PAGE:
Do you use personas?
“We use ourselves. I believe personas lead to a false sense of understanding at the deepest, most critical levels.”
Personas are poor substitutes for real people, they argue, and you should always base your decisions on the problems and behaviour of real people instead of passive abstractions of people. This reasoning fits perfectly with their “getting real” process, which argues for a very agile development process.
It’s an interesting point, but this doesn’t mean that personas are therefore useless. Of course, personas should never be used as stand-ins for actual users, and thus can never provide the feedback that real people provide – it’s impossible to do usability testing with them!. Rather, they’re a heuristic tool to contextualise your design problems. Personas allow you to frame your design in a way that puts the goals of real people at the epicenter of your interface. By making personas an integral part of the story that your design tells, they become a common ground for all involved parties, stakeholders, developers, designers, managers.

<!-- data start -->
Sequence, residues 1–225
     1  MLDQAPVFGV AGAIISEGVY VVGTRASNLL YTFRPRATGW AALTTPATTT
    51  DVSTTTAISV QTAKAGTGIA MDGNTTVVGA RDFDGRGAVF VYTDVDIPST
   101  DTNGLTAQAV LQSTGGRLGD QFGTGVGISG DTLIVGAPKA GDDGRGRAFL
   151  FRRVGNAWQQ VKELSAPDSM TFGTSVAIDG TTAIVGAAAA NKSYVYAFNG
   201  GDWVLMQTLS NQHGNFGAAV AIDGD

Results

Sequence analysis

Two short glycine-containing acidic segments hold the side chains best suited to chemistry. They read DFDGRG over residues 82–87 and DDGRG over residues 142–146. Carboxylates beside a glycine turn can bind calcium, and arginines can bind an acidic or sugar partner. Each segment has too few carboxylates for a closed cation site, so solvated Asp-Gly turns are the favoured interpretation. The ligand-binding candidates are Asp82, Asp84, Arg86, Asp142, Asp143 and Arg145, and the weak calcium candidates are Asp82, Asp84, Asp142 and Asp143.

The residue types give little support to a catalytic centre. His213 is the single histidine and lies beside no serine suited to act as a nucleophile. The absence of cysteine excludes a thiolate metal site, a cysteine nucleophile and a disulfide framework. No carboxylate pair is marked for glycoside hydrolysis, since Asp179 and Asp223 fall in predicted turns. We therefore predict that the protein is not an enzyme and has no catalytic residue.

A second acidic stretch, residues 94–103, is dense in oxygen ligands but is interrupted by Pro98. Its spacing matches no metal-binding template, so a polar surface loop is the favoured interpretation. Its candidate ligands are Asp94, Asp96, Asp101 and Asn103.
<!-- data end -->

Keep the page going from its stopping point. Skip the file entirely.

Personas should be based on proper, qualitative user research. The data can come from various sources, eg. interviews, discourse analysis, observations, surveys etc. The analysis is actually the hardest part, since it’s very difficult to step outside your own frame of mind when trying to really understand people’s behaviours. The ethnographic techniques can be learned quite easily, but the proper understanding of the methodology and the required reflective use of it makes it a very difficult task without academic education.
Clay Spinuzzi’s observation that designers often frame themselves as ‘heroes’ to rescue the poor ‘users’ is a perfect example of designers executing a naive, superficial user research. But the solution is not to use yourself as the intended user of your application, unless you’re building a product which is only meant to be used by yourself. Doing the proper research and crafting personas and scenarios are a good first step in designing not just for yourself. However, even 37signals can’t be as arrogant as to presume they’re representative for all the possible people that their products intend to reach. As with any tool or methodology, using it without proper understanding ultimately leads to failure, but that shouldn’t be a reason to dismiss the tool completely.
Other people weigh in as well.
- Jared Spool makes a similair point on the difference between crappy personas vs. robust personas
- Boxes and Arrows publishes a timely article on building a data-backed persona
- Andy Budd chips in with a post on rethoric sensationalism
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